“I have no more campaigns to run. My only agenda for the next two years is the same as the one I’ve had since the day I swore an oath on the steps of this Capitol — to do what I believe is best for America.”
Of course, there’s the lie about no more campaigns. He’s always campaigning. The lie is in the statement about the day he “swore an oath on the steps of this Capitol. Here’s the presidential oath that every president takes:
“I do solemnly swear (or affirm) that I will faithfully execute the Office of President of the United States, and will to the best of my Ability, preserve, protect and defend the Constitution of the United States.”
He did not swear to do what he believed is best for America. He swore to “preserve, protect and defend the Constitution of the United States” to the best of his ability. There is a big difference in how “best” is being used.
The tyrants of history believed that what they were doing was the best for their empire or nation. No autocratic ruler believes otherwise.
Some of the worst atrocities in history were done by men who believed that what they were doing was the best, even if it meant killing millions of their own people and going to war to kill millions more. As the proverb states, “you can’t make an omelet without breaking some eggs.” When Winston Churchill said during World War II that “God is with us,” Josef Stalin retorted, “Then Devil is with us, and together we will win.”
That’s why our founders created a Constitution — to keep in check what they knew was man’s propensity to do evil for his own self-aggrandizement and the benefit of his chosen constituents.
“There is,” in the words of James Madison, a “degree of depravity in mankind which requires a certain degree of circumspection and distrust.” Madison speaks of the “caprice and wickedness of man,” and of the “infirmities and depravities of the human character.”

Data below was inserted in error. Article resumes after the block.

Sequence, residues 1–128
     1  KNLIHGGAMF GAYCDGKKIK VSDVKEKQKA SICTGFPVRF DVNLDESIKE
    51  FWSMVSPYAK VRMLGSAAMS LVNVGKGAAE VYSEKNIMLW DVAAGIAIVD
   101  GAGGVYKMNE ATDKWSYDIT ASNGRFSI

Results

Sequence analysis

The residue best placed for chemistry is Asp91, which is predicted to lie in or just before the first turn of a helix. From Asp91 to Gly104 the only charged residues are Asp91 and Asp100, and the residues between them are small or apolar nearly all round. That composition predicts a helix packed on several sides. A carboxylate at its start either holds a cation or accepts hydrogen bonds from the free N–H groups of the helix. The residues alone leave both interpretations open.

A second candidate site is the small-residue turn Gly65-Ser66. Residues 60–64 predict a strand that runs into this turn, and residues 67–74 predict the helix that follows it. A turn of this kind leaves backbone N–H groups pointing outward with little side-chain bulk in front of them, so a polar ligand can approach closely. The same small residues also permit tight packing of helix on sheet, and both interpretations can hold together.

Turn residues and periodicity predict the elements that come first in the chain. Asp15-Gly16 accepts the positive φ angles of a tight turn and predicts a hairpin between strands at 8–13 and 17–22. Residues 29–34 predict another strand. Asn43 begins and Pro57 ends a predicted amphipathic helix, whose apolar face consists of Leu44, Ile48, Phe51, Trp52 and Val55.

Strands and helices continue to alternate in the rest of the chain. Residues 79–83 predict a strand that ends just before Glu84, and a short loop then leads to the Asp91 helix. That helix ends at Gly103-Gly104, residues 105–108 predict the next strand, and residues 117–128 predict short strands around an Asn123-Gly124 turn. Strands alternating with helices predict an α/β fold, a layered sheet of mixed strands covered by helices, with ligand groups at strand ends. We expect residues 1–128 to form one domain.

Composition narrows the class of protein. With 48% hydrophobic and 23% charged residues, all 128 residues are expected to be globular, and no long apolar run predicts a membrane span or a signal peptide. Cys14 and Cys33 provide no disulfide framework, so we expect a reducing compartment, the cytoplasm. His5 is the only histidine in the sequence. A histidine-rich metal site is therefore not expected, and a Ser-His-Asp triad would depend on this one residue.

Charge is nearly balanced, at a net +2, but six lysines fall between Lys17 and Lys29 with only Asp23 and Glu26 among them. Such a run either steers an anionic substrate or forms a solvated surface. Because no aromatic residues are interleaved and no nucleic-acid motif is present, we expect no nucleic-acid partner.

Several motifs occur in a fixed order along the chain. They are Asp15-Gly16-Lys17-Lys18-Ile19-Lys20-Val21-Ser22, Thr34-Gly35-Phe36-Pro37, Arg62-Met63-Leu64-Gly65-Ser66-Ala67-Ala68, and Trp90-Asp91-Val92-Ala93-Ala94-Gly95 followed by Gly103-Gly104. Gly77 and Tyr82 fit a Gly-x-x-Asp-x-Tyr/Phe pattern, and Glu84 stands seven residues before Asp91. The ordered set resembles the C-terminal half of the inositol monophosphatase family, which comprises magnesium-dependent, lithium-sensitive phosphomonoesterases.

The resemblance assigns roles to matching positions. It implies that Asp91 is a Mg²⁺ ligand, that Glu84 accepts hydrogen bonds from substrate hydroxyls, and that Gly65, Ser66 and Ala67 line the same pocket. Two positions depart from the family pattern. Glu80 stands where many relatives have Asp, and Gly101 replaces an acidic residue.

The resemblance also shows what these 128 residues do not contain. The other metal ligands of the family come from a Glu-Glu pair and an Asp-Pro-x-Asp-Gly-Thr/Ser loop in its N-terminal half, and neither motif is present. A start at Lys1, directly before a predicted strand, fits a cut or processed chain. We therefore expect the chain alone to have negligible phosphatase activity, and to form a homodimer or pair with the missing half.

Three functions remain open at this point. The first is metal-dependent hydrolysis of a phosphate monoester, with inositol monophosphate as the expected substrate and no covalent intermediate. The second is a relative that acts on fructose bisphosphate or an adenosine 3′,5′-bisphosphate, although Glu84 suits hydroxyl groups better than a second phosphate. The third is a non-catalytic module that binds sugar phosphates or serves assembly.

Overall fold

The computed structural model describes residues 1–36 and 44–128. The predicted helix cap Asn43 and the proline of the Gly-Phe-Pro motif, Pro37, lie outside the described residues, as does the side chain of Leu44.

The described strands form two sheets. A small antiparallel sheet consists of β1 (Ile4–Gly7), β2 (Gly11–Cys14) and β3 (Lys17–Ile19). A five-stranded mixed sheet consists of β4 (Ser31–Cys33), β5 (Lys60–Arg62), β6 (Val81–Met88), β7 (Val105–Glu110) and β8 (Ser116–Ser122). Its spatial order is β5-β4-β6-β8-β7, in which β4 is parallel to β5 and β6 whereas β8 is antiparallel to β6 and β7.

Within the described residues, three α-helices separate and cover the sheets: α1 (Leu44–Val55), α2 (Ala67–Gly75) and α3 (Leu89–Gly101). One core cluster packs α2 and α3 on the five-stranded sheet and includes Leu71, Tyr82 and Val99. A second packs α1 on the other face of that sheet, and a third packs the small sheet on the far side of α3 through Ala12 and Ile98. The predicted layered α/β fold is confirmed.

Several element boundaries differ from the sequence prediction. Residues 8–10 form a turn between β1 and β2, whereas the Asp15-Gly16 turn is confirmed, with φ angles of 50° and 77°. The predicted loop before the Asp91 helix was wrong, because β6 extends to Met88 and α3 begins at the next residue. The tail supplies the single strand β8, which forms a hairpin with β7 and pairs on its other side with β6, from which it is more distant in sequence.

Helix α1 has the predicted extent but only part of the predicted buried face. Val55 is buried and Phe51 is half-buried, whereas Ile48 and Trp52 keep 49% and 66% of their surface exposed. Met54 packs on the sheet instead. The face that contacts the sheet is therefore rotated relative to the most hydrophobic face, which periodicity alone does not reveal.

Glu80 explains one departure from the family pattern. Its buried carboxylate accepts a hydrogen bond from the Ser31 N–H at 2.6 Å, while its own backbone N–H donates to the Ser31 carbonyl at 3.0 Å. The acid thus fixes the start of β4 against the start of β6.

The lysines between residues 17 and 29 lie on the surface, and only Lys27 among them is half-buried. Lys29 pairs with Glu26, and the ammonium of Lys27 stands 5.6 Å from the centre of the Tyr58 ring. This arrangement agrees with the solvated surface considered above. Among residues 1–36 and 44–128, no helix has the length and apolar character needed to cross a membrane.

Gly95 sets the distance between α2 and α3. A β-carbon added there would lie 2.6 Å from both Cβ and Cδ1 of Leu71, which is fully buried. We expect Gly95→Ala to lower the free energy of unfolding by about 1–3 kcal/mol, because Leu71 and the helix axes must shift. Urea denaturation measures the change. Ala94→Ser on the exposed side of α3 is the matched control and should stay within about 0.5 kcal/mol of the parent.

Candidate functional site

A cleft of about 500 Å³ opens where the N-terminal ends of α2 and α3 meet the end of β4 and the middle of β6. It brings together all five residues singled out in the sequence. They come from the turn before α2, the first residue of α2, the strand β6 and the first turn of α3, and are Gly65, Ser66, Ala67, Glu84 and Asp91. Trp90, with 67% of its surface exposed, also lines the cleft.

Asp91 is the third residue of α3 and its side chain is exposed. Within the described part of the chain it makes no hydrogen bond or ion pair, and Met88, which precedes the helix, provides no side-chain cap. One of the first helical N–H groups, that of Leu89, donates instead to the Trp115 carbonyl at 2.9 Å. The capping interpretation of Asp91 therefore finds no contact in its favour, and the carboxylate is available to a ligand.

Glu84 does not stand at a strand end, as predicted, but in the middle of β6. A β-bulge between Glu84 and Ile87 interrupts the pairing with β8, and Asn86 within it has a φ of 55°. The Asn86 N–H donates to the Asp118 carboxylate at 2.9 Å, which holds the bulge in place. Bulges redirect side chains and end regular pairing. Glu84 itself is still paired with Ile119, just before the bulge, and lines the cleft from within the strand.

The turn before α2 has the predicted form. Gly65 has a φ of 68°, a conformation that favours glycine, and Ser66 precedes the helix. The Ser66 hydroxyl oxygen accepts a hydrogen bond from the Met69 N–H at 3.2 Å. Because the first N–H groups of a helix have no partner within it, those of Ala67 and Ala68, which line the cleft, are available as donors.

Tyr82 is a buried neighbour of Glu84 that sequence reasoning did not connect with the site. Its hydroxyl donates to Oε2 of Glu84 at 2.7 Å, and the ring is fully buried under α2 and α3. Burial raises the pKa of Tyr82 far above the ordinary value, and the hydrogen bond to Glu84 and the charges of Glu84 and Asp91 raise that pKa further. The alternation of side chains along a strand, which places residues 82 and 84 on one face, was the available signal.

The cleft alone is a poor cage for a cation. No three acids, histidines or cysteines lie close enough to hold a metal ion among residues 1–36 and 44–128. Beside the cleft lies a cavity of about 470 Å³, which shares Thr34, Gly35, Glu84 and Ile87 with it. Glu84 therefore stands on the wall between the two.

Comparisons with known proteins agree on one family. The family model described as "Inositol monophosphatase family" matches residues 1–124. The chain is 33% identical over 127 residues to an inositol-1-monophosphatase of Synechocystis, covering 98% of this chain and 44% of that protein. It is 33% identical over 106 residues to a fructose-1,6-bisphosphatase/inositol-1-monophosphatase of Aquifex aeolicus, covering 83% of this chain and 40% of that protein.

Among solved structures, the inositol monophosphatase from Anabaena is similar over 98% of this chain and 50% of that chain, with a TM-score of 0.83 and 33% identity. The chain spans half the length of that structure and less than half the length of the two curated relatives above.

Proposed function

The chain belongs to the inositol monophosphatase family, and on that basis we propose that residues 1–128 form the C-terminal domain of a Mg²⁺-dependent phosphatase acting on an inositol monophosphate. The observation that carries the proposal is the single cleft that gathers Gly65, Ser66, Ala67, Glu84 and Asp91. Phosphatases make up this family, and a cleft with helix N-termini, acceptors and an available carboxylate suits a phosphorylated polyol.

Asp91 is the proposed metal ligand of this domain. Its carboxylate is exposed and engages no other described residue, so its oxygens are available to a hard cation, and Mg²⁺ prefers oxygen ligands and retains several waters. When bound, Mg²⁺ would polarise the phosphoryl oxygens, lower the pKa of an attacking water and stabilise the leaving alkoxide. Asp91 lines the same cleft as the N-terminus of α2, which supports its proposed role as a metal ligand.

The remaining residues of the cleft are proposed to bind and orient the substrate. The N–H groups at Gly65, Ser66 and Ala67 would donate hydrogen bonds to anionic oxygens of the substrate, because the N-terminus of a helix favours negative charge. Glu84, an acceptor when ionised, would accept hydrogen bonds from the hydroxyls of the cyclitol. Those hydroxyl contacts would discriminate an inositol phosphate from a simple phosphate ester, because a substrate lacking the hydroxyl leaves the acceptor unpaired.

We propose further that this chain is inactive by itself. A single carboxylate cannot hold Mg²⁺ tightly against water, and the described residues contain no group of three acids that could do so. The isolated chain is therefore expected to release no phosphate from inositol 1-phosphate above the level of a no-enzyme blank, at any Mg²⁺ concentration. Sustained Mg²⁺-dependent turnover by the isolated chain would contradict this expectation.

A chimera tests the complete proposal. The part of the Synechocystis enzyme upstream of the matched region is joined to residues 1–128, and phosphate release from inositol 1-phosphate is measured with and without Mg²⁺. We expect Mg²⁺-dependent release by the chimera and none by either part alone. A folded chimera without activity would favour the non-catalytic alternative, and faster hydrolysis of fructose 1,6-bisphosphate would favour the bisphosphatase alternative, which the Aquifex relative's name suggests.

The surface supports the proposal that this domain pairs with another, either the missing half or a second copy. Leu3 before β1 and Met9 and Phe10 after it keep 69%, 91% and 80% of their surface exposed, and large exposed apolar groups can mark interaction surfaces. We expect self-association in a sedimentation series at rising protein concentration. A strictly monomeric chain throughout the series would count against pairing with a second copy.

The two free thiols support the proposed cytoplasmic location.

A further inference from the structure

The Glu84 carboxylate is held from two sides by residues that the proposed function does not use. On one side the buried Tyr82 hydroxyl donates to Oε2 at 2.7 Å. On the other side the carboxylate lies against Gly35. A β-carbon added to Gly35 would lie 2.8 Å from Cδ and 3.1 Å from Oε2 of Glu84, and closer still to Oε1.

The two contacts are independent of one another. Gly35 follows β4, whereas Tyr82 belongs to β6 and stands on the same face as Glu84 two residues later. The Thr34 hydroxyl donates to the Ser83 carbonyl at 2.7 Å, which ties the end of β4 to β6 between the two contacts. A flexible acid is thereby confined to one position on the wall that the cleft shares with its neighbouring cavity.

All tyrants believe their policies are the best. They all claim they’re doing the right thing. What politician ever ran on these types of campaign slogans?
- “Vote for me and I’ll do the wrong thing for the nation.”
- “I’ll do what I believe is worst for America.”
The Constitution was designed to limit the power of government not empower elected officials to do what they believe is right or best. They were elected to uphold the Constitution; it states that in the oath.
Obama and Company might believe it’s best to make community college “free,” but the Constitution does not allow it.
We can see the problem as far back as Magna Carta (1215), and like Obama and presidents before him, “neither side stood behind their commitments” Magna Carta never reached its promised ideals because, like Obama, rulers wanted to do what they believed was best, ultimately for themselves.
“In questions of power,” Benjamin Franklin wrote, “let no more be heard of confidence in man but bind him down from mischief by the chains of the constitution.” Of course, when rulers ignore the Constitution, they are no longer chained. And when Congress refuses to hold the President accountable, the chains are put on us.
Great mischief has been done by presidents and the people who elected them because they refuse to be bound by a constitution that limits their powers.